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Sarah Buhler

Pandemic did not affect eviction decisions in Saskatchewan, study says

Thursday, August 26, 2021 @ 9:29 AM | By Donalee Moulton

New research from the University of Saskatchewan College of Law has found that overall the COVID-19 pandemic did not appear to significantly impact eviction decisions made by the province’s Office of Residential Tenancies (ORT).

In her Aug. 3 article, “Pandemic Evictions: An Analysis of the 2020 Eviction Decisions of Saskatchewan’s Office of Residential Tenancies,” author and law professor Sarah Buhler noted that, “Although landlords were somewhat less likely to get immediate eviction orders after the pandemic started, they continued to be successful in receiving eviction orders about 90 per cent of the time (as opposed to 97 per cent prior to the pandemic).

Law professor Sarah Buhler

Law professor Sarah Buhler

“It is important to emphasize that this research found that both during the partial moratorium and after it was lifted (and the pandemic worsened in the province), eviction decisions rarely mentioned the pandemic, and mostly did not include pandemic-related considerations in the written analysis,” she added.

During the study timeframe, between Jan. 1, 2020, and Dec. 31, 2020, more than 1,800 eviction cases came before the ORT, an administrative tribunal created to provide an efficient, affordable and accessible alternative to the court system for residential landlord and tenant disputes in Saskatchewan. The tribunal contracts lawyers (23 in 2019-2020) to act as hearing officers who preside over hearings, consider evidence presented by landlords and tenants and render decisions in accordance with the law

In March 2020, the ORT moved all hearings to a telephone system in response to the COVID-19 pandemic. In terms of tenants’ actual presence at hearings, the research found, there was no meaningful change pre- and post-implementation of the telephone hearing system. About 37 per cent of tenants attended their eviction hearing before March 17 when the system changed and about 38 per cent of tenants after this date. Most did not have legal representation. In 2020, fewer than two dozen tenants appeared to have lawyers assist them at their eviction hearings.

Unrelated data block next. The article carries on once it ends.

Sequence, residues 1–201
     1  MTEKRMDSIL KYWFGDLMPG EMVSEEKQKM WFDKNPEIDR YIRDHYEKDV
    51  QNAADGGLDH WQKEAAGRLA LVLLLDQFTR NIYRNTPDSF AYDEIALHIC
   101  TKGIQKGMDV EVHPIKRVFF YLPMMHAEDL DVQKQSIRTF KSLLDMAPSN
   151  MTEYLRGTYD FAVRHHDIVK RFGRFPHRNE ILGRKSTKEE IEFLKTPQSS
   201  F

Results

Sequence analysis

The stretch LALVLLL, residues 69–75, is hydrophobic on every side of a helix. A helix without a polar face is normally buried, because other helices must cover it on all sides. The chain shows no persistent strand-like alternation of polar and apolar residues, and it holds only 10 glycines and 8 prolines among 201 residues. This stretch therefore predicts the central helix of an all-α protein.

Buhler, whose study is published in the recent issue of the Journal of Law and Social Policy, stresses that the legal community needs to pay attention to the practices of administrative tribunals and to the access-to-justice barriers that exist at that level. “Administrative tribunals make decisions that are hugely consequential in the lives of the most vulnerable members of our society. Tribunals like Saskatchewan’s Office of Residential Tenancies are designed to be accessible, but this study showed that the majority of tenants did not attend their hearings,” she told The Lawyer’s Daily.

The study also showed that a swift judicial process does not always translate into real justice for vulnerable tenants, Buhler said. “While the tribunal releases its decisions very quickly and seems to value speed and efficiency, many of the decisions concluded the tenant should be evicted without undertaking a proper analysis of equitable considerations as required by the legislation and case law.”

One of the study’s main recommendations is that there be a greater investment in legal representation for tenants facing eviction. “Studies have shown that legal representation helps to reduce evictions,” Buhler said.

The 99-page study underscores that stable housing is a key determinant of health and well-being, and eviction is hugely destabilizing for individuals, families and neighbourhoods. This reality is an access-to-justice issue, said Buhler. “Most tenants are evicted because they are unable to afford their rent payments. So, I believe one of the most important issues is the issue of housing affordability. In this way, … affordable housing is of direct concern to anyone who cares about access to justice.”

Although Buhler’s research was focused on Saskatchewan, the findings are not likely unique to that province, she said. “There is a need for research on evictions across the country, and especially about whether specific legislative or procedural approaches can help reduce evictions.”